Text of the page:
Stolenberg’s call and sign the long-term contracts is already too late to make a difference in this summer season of fighting. Even if governments heed his call it will take military manufacturers up to a year to go into production as they need to make the necessary investments and finding personnel to work in the factories is reportedly another major hurdle that will be hard overcome.
In the meantime to stave off a collapse of Ukraine’s military efforts on the battlefield this summer, Nato officials have been scouring the world to find alternative stock piles of Nato compatible materiel to fill the gap in the coming months.
"The secretary general of NATO, Jens Stoltenberg, has just been in South Korea and Japan, asking them to supply more," Shea said. "While we get production ramped up, if we can persuade some of these other sorts of pro-Western countries beyond Nato to provide these types of munitions, that should help to fill the gap in the meantime.".
Bankova has also been signalling it is becoming worried about the lack of offensive weapons from the West. Ukrainian President Volodymyr Zelenskiy was in London last week to ask for fighter jets, and while he made it plain that Ukraine is very grateful for the weapons already supplied, the need for more, and more powerful weapons, was pressing. The decision to send Ukraine hundreds of main battle tanks (MBTs) at the end of January was very welcome in Kyiv, but Zelenskiy has been calling for the West to follow up with F-16 jet fighters – a plea that has largely fallen on deaf ears.
Zelenskiy’s sense of visible unrest is now spreading to other European leaders. Stoltenberg’s comments were a new direction for him and the language of urgency was also a departure from the most cautious rhetoric he usually employs.
Polish President Andrzej Duda added to the growing sense of uncertainty on February 13 saying: “If Ukraine doesn’t receive arms in the coming weeks, Putin may win.’ Ukraine’s need for Western arms is urgent and will determine the outcome on the battlefield, Duda said in an interview with the French media outlet Le Figaro.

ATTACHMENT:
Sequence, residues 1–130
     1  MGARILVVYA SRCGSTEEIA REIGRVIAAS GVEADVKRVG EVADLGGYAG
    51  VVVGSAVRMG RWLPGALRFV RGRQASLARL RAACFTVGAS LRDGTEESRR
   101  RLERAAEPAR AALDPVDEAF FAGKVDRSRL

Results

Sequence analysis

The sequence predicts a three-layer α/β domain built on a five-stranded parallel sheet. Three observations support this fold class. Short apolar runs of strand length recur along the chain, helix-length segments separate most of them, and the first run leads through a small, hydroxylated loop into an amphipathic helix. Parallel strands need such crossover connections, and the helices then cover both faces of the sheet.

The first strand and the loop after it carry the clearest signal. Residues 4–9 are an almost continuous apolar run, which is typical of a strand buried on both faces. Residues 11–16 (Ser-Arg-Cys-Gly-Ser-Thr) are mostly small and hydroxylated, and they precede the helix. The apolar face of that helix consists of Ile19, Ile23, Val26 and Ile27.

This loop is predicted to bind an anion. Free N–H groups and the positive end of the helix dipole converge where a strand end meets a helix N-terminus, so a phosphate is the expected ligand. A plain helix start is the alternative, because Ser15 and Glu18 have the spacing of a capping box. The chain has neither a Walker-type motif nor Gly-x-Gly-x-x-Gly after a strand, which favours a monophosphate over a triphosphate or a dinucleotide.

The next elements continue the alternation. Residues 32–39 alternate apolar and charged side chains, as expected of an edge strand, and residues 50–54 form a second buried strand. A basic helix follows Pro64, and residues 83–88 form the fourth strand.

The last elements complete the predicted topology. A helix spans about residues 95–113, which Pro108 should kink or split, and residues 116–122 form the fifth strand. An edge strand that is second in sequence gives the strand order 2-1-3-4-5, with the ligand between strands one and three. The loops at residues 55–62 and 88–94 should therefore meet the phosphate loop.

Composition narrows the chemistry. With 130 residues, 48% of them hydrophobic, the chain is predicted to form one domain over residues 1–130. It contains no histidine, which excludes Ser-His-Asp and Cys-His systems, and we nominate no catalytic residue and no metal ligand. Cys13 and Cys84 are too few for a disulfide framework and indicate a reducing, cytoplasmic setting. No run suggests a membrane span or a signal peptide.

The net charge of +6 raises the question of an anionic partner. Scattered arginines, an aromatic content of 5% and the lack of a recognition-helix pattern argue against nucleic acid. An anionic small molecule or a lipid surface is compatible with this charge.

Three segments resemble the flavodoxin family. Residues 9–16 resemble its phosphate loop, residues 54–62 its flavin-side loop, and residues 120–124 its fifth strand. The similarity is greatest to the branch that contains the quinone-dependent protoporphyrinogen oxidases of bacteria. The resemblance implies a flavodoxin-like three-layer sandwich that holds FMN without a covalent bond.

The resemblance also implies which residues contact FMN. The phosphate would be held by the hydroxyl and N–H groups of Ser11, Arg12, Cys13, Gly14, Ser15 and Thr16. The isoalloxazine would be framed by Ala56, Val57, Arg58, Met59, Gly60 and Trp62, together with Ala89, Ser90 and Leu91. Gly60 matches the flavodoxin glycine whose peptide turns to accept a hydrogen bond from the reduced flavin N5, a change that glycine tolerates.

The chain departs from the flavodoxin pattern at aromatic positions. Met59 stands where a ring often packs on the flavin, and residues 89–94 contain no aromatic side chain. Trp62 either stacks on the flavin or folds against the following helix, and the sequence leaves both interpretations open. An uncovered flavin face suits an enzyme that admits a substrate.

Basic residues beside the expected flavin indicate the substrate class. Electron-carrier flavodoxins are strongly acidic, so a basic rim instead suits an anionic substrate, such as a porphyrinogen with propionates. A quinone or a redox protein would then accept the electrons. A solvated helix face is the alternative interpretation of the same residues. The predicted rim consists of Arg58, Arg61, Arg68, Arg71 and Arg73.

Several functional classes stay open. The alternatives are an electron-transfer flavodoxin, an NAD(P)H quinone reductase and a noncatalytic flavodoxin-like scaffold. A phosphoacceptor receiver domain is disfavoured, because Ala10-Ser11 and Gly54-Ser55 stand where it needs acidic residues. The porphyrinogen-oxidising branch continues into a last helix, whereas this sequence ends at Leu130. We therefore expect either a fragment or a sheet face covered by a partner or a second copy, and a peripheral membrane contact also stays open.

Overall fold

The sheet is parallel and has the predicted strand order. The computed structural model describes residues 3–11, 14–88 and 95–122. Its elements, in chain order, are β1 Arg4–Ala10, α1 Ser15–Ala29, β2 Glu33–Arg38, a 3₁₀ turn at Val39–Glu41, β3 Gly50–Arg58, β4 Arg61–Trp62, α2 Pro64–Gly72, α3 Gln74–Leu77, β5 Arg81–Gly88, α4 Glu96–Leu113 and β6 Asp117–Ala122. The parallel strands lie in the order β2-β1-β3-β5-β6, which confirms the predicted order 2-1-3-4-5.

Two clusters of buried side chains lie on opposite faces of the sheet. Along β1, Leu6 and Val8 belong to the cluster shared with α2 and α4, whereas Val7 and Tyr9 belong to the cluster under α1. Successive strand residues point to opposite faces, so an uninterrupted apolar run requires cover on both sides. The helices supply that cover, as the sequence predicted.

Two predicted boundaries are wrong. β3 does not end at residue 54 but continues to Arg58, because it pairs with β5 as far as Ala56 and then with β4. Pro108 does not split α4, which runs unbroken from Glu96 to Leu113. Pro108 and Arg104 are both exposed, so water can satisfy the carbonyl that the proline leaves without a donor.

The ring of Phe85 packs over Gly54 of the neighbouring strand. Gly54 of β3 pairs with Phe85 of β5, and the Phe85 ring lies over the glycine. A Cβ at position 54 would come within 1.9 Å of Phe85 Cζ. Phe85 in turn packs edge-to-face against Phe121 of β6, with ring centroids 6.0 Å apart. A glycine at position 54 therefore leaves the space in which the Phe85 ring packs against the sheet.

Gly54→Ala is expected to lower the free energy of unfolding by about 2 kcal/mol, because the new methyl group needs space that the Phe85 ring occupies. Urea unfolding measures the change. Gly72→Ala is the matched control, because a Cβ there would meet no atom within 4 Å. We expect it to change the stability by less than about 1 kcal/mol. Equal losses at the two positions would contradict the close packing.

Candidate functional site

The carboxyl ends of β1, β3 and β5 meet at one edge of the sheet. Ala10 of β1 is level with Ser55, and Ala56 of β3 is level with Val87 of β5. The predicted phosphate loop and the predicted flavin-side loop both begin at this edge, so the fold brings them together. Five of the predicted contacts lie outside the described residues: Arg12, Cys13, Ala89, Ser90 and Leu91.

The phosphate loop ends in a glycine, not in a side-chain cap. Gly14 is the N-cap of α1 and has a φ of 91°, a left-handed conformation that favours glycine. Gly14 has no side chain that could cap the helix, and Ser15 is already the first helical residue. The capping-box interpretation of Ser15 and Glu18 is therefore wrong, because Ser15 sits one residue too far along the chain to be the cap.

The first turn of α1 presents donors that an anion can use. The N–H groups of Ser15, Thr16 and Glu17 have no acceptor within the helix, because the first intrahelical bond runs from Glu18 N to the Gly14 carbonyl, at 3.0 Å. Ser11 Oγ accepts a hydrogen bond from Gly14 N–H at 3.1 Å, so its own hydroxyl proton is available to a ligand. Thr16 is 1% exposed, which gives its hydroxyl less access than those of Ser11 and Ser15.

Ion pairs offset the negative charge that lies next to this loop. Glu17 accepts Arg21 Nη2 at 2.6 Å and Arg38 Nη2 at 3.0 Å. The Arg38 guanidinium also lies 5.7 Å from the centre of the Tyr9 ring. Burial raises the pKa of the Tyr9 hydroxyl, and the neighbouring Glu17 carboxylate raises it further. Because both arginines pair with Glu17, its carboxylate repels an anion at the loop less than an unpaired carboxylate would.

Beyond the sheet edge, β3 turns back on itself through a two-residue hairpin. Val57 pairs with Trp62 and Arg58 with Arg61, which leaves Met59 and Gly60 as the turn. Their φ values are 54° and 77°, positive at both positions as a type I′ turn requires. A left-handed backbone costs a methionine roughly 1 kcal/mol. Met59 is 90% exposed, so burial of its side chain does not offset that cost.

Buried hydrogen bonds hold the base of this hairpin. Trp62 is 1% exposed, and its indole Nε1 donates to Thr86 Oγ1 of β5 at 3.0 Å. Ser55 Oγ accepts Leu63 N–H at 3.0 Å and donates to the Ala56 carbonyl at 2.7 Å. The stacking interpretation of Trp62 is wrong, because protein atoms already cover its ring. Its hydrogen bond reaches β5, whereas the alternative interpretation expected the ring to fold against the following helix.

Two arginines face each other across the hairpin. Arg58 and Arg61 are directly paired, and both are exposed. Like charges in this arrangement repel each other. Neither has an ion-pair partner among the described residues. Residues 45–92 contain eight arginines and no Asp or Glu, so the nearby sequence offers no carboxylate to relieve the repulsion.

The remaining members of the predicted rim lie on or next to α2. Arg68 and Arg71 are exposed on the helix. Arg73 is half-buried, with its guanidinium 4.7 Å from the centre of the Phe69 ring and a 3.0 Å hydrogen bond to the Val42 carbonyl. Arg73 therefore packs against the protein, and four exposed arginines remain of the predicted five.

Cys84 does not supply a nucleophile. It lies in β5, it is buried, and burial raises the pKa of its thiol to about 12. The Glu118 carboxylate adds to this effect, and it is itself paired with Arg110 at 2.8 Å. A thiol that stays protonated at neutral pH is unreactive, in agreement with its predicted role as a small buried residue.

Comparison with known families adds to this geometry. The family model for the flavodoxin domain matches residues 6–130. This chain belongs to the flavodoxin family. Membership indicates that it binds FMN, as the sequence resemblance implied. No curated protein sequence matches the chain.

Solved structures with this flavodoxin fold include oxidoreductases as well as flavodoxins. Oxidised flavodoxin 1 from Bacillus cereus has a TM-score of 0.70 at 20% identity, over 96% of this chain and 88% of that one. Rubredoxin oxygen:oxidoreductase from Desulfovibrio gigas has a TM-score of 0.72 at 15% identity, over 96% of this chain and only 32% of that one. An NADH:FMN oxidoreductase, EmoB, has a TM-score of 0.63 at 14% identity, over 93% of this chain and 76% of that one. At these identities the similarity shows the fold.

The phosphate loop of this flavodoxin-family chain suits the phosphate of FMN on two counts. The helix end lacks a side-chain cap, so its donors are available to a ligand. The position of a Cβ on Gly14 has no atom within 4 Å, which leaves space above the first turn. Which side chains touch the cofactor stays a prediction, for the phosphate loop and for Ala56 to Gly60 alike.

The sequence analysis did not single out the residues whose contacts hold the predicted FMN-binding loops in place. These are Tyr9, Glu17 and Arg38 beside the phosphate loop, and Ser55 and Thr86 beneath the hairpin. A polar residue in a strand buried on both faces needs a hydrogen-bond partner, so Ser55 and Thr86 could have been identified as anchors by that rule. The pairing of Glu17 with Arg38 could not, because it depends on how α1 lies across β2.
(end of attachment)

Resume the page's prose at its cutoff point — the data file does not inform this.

The pressure is rising ahead of a widely anticipated Russian counteroffensive that could begin sometime in March as well as a second mass mobilisation to further bolster Russia’s forces.
Zelenskiy admitted last week that the situation for Ukrainian troops in the Donetsk People’s Republic (DPR) where fighting is underway and concentrated in the city of Bakhmut is “very difficult”. "We are observing this increased pressure on various front lines as well as the pressure in the information field. It is very tough in the Donetsk Region - the clashes are fierce. Yet no matter how hard it is and regardless of pressure we should stand our ground," he said in his video address to the nation aired at the weekend.
After six months of fighting Russia has been making slow progress, halting and reversing the spectacular rout of Russian forces in the Kharkiv offensive in September and the recapture of the regional capital of Kherson at the end of the same month.
Top Ukrainian official Igor Zhovkva echoed Shea’s comments in an interview with Bloomberg at the weekend saying Ukraine’s stocks of ammunition are “almost zero”.
Intense fighting in Ukraine means that its military is running out of ammunition, with stocks not being replenished in time, Zhovkva, said, the Deputy Head of Ukrainian President Vladimir Zelenskiy’s office.
Zhovkva lamented in addition to low supplies, Russia has more firepower and Ukraine needs fighter jets and long range missiles to launch a counteroffensive against Moscow’s forces. Commenting on the military aid already provided by the West, Zhovkva said that it was “too late, too little, and too slow.”